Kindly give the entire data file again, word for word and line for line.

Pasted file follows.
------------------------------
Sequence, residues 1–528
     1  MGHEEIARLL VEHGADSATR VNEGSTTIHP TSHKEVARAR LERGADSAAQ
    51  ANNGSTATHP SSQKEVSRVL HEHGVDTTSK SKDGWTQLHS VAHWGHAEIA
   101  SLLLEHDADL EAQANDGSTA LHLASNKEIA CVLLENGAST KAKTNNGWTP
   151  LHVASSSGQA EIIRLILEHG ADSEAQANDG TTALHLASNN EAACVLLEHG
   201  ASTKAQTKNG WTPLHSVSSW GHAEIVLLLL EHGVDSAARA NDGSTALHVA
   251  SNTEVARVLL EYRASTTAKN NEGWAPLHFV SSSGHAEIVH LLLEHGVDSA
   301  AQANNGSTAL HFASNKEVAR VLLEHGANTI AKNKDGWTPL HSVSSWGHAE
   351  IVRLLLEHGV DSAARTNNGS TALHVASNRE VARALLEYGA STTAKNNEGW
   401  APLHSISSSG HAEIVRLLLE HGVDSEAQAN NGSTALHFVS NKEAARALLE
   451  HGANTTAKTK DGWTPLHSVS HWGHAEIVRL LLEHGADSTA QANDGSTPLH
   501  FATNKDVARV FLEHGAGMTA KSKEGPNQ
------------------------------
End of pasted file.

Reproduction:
Sequence, residues 1–528
     1  MGHEEIARLL VEHGADSATR VNEGSTTIHP TSHKEVARAR LERGADSAAQ
    51  ANNGSTATHP SSQKEVSRVL HEHGVDTTSK SKDGWTQLHS VAHWGHAEIA
   101  SLLLEHDADL EAQANDGSTA LHLASNKEIA CVLLENGAST KAKTNNGWTP
   151  LHVASSSGQA EIIRLILEHG ADSEAQANDG TTALHLASNN EAACVLLEHG
   201  ASTKAQTKNG WTPLHSVSSW GHAEIVLLLL EHGVDSAARA NDGSTALHVA
   251  SNTEVARVLL EYRASTTAKN NEGWAPLHFV SSSGHAEIVH LLLEHGVDSA
   301  AQANNGSTAL HFASNKEVAR VLLEHGANTI AKNKDGWTPL HSVSSWGHAE
   351  IVRLLLEHGV DSAARTNNGS TALHVASNRE VARALLEYGA STTAKNNEGW
   401  APLHSISSSG HAEIVRLLLE HGVDSEAQAN NGSTALHFVS NKEAARALLE
   451  HGANTTAKTK DGWTPLHSVS HWGHAEIVRL LLEHGADSTA QANDGSTPLH
   501  FATNKDVARV FLEHGAGMTA KSKEGPNQ